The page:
State taking roadless rule to U.S. Supreme Court

Feb 26, 2012 Bob Moen, Associated Press

CHEYENNE (AP) -- The state of Wyoming will ask the U.S. Supreme Court to review its challenge to a 2001 federal rule barring development on nearly 50 million acres roadless areas in national forests.

"The roadless rule has seriously impacted Wyoming, our people, our industries and the health of our forests," Gov. Matt Mead said Friday in announcing his decision. "Given the consequences it is important to ask the Supreme Court to hear this case."

The rule enacted under former President Bill Clinton has been upheld by both the Denver-based 10th U.S. Circuit Court of Appeals and the San Francisco-based 9th U.S. Circuit in separate cases.

Wyoming had argued that the definition of "roadless lands" is synonymous with "wilderness lands," and that the 1964 Wilderness Act states that only Congress can designate wilderness lands.

Supporters of the rule say the nation's forests need protection from development.

Court challenges by Wyoming and others had left the fate of the federal roadless rule in question, prompting Idaho and Colorado to try to craft their own rules. Colorado is awaiting approval from Agriculture Secretary Tom Vilsack on its proposed policy, which would carve out exceptions in the national policy to allow for things including potential ski resort expansions or methane vents at coal mines.

The U.S. Forest Service currently manages more than 190 million acres of land used for multiple purposes that must comply with strict rules on land use changes spelled out in the federal Wilderness Act and National Environmental Policy Act.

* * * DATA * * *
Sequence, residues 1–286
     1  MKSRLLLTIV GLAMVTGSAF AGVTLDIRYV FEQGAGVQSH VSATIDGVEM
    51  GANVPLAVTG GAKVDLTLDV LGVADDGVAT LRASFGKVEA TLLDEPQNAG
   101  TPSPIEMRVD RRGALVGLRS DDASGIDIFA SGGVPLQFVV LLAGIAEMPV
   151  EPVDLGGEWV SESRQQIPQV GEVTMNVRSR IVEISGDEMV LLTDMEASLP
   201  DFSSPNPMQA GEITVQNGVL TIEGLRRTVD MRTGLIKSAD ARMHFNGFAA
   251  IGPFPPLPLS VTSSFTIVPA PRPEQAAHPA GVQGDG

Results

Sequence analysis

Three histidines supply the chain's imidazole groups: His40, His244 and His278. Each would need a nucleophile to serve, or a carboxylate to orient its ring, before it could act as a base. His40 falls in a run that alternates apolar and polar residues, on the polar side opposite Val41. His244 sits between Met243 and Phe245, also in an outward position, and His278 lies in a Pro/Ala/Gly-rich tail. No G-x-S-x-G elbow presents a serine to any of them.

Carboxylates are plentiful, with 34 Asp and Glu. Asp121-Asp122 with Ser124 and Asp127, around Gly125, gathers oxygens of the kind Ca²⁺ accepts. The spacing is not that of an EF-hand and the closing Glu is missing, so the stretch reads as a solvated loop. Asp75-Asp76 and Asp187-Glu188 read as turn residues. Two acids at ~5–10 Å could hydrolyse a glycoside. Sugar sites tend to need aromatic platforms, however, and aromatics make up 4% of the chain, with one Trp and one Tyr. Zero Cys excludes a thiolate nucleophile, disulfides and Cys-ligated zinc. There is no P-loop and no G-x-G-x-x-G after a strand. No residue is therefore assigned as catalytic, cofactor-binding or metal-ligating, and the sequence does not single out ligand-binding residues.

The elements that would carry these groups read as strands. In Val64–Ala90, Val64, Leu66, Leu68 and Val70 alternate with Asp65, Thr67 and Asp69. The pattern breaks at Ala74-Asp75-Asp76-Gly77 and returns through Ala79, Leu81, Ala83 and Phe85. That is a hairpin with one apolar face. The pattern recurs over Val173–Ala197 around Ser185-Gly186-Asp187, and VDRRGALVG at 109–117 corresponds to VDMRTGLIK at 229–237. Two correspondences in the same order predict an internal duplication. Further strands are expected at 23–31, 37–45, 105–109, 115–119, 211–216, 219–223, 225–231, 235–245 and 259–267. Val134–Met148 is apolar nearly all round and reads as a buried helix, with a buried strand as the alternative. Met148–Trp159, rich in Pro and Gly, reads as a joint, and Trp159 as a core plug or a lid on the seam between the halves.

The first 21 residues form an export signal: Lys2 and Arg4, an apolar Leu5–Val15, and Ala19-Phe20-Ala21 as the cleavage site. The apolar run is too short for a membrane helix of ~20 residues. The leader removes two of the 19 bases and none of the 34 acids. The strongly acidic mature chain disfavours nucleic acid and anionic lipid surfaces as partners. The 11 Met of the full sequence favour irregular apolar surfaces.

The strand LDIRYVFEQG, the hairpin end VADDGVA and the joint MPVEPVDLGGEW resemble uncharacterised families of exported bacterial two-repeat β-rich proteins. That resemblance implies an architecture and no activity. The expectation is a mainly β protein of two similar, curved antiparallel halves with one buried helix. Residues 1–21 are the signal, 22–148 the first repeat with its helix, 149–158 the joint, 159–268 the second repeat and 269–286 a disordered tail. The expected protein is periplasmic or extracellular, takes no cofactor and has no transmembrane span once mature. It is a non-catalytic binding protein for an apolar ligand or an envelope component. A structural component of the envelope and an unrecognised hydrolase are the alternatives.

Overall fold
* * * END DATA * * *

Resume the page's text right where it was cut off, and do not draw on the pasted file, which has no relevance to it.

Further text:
Wyoming originally won a favorable decision in its challenge from Cheyenne-based U.S. District Judge Clarence Brimmer, who ruled that the Clinton administration rule created a de facto wilderness area.

But the 10th Circuit overruled Brimmer.

Mead said in a statement that when the rule was put in place the "concerns of the people of Wyoming about the significant adverse effects of the rule were ignored."

He said petitioning the Supreme Court was a way "to make our voice heard."

Tim Preso, an Earthjustice attorney who has worked on the case for the past decade, said the group is prepared to defend the circuit court decisions in the case and make sure the forest protections stand.

"Here we got a situation where both the 9th and 10th circuits agreed that the roadless rule is legitimate, and both of them rejected just about every argument that Wyoming raises here," Preso said.

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